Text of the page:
- January 1, 1970ElizabethVery early in the book, Feldt tackles one of my favorite questions – why don’t more women run for office? The reasons are complicated and can easily be applied to any number of questions about why women have not achieved equality in a given field. But there are ways to work around whatever these obstacles are – be they lack of resources, or internalized sexism and self doubt. Women involved in Emily’s Listor The White House Project often say that given a man and a woman of equal qualifications, Very early in the book, Feldt tackles one of my favorite questions – why don’t more women run for office? The reasons are complicated and can easily be applied to any number of questions about why women have not achieved equality in a given field. But there are ways to work around whatever these obstacles are – be they lack of resources, or internalized sexism and self doubt. Women involved in Emily’s Listor The White House Project often say that given a man and a woman of equal qualifications, the man is more likely to take the initiative and run for office and the woman is more likely to say that she is unqualified. However, a survey of women politicans shows that women are more likely to run if someone asks them to than to spontaneously decide for themselves. Thus was born She Should Run a website where anyone can nominate and encourage women they know to run for office.It’s interesting to speculate what the future would look like if more women took on positions of power in government and business. A study reported in Politico reported that women are more effective legislators than men. Feldt often references the 30% threshold – this is thought to be the number of women necessary in a leadership role in an organization when they can have a substantial impact. The US Congress is far away from this at 17% but many corporate boardrooms, and even the Supreme Court are trending in that direction.Feldt also encourages women to apply these principles to their marriages and personal relationships with men if they feel they are being treated unfairly.A lot of Feldt’s argument relies on a belief that all women share common goals and should work together to achieve them."It’s heartbreaking to me that in our half-finished feminist revolution, women still tend to isolate themselves, to think that their problems are individual concerns that they must solve alone. We feel our lack of power to make change, because when one person tries to fight the system alone, she is, in fact, relatively powerless. It’s when we just think of ourselves as individuals rather than reaching out to our sisters and brothers that things are likely to stay the same for the next women that comes along. More than that, if we fail to recognize how our choices influence the world – either by reinforcing the status quo or challenging it – we’re doomed to live lives of diminished possibilities."I can agree with that on paper. But sadly the feminist movement does have some history of racism, homophobia and classism in it’s past. Feldt does include women from a diversity of backgrounds as examples in her book. But I’m not sure what she would make of women who align themselves with all of the goals of feminism but refuse to take the label because of past wrongdoing. I do agree that some policies – equal pay, reproductive justice, and better daycare for example would benefit all women. But that has more to do with the systemic sexism/injustices (Patriarchy/Kyriarchy) that remain in our society than any inherent similarities that all women share. To argue otherwise would be arguing for a type of gender essentialism that I cannot accept.Nevertheless, I really did enjoy this book, and I have been recommending it to women that I know. I had never thought about power before. When my Political Science professors would mention it, my eyes would glaze over. It was too theoretical a concept for me to be bothered with. I am a pragmatist at heart and this book does compliment that tendency. Feldt takes great care to explain exactly what she means by power, and calls her definition “power to.” As in the power to make change – in opposition to “power over” which is about hierarchy. Even so, there were a few instances of woo I could have done without. For example, I still do not understand what Feldt means by “live unlimited.” Unlimited from what? Patriarchy? Internalized sexism? Generic self-doubt? Gravity? Thetans?Without a basic understanding of the concepts of modern day feminism, the book does sound more like the Law of Attraction than a way to put theory into practice. Take for example the idea that “power must be claimed.” I understand it to mean that if I want to start a blog or a new business or run for Senate, no one will do it for me but myself. Anyone familiar with Feldt’s amazing record of activism will know what she means. Without this background, the concepts are much more nebulous. It is also for these reasons that I prefer the more specific terms autonomy and intention (which are used in the book sometimes) than power and live unlimited.This book is fundamentally liberal. In that I mean that it takes the position that women can take actions to improve their lives and the lives of other women. This philosophy is one I am firmly on the side of, and I admire the steps Feldt has taken on twitter and via other media to reach out to younger feminists to spread her ideas.“No Excuses” is extremely valuable because many women struggle with the idea that they are powerful or have autonomy I wonder how much has to do with the kinds of stereotype threat described in Delusions of Gender. It’s something I struggle with and is much easier to confront when thinking of it as a part of feminist activism that most women struggle with than a unique personal insecurity.Feldt summed it up best when she wrote:"Today our challenge is to value ourselves and demand that others do, too."more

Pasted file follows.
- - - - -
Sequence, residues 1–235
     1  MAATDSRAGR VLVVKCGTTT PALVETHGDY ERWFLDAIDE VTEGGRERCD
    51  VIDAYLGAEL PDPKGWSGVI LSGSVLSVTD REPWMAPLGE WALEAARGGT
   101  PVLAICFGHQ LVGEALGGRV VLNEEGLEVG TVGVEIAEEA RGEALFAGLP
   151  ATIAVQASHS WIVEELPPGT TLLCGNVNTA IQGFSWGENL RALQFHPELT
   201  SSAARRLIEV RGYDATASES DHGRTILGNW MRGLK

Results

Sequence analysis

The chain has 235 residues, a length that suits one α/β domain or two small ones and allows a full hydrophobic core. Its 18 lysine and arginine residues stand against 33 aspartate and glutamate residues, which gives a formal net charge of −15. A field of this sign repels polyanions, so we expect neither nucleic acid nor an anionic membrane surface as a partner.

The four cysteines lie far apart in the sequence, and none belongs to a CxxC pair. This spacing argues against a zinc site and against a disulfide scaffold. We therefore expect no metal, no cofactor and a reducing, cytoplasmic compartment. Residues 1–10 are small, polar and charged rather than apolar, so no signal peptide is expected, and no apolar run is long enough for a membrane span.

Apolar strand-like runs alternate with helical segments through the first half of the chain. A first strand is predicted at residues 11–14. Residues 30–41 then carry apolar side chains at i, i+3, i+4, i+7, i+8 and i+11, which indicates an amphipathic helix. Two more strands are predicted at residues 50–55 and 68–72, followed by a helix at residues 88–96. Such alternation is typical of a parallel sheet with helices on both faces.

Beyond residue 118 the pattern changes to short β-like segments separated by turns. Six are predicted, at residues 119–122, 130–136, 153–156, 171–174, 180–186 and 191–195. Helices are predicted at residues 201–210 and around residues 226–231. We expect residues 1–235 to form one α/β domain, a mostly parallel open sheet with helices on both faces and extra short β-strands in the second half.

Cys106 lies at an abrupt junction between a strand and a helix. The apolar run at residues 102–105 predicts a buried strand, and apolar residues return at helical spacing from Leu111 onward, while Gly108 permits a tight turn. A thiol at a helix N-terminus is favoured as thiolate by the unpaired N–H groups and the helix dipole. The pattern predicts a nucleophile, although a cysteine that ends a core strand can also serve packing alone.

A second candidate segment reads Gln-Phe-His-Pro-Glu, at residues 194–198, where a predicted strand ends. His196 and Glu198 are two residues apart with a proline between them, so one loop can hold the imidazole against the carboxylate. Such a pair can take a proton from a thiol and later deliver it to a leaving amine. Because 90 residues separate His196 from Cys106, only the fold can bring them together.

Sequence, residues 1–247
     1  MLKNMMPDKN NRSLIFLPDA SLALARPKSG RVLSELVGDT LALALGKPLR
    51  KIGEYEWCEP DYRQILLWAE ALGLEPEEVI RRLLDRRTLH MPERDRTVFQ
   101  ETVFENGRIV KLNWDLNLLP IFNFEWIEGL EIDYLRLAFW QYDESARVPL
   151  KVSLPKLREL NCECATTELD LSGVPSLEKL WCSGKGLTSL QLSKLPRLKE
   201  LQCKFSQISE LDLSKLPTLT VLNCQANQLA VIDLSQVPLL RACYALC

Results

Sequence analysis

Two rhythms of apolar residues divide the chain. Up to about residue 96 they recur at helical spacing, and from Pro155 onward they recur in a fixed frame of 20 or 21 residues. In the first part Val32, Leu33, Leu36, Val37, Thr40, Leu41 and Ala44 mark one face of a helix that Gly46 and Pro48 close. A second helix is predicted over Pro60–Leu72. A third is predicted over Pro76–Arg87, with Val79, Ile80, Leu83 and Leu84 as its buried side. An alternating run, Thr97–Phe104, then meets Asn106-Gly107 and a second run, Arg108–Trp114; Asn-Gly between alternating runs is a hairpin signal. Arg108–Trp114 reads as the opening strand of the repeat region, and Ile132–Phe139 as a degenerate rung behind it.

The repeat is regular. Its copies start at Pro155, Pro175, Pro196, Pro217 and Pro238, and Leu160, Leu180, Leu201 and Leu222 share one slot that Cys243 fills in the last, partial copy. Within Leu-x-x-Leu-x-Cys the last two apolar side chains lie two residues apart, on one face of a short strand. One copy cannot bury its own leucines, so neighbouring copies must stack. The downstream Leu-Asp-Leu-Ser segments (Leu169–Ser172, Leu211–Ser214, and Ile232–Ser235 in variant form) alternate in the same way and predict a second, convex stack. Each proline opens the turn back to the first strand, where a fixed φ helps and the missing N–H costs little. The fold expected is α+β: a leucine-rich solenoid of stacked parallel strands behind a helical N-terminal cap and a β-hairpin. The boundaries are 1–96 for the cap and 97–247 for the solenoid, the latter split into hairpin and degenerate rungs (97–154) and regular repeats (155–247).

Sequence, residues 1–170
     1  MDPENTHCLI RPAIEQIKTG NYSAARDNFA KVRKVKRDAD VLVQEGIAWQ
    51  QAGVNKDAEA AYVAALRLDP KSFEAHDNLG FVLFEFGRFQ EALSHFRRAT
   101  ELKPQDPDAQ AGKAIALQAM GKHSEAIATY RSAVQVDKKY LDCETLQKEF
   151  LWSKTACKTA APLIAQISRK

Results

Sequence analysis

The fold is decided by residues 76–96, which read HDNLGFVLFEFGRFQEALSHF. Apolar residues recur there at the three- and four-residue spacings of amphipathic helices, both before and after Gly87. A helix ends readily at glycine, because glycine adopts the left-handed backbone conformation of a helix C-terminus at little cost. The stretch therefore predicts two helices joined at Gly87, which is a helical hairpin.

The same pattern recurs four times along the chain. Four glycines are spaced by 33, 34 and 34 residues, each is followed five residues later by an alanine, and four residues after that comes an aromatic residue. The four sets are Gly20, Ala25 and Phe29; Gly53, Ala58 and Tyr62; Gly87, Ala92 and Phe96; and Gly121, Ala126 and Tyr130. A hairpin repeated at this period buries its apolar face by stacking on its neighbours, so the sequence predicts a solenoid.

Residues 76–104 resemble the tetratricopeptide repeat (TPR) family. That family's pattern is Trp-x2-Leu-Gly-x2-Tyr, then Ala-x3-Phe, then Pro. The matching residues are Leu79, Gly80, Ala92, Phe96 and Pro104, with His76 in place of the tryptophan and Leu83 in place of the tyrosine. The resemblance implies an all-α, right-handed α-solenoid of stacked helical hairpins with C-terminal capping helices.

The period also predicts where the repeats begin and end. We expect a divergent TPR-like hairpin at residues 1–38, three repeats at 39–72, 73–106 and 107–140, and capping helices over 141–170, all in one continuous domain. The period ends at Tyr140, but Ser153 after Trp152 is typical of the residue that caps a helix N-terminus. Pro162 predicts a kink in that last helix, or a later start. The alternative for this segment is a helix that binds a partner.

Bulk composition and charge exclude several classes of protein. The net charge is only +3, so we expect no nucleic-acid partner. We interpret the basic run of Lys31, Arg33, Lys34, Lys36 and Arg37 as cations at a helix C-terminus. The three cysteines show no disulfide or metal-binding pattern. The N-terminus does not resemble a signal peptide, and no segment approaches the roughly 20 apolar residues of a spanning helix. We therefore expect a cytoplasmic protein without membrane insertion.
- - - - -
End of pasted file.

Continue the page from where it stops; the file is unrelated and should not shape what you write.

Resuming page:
- January 1, 1970Morgan AshleyGloria Feldt challenges the reader to think critically and women to push themselves to move forward confidently. She gives great advice and tools to help women combat both the obvious challenges they face and the subliminal ones.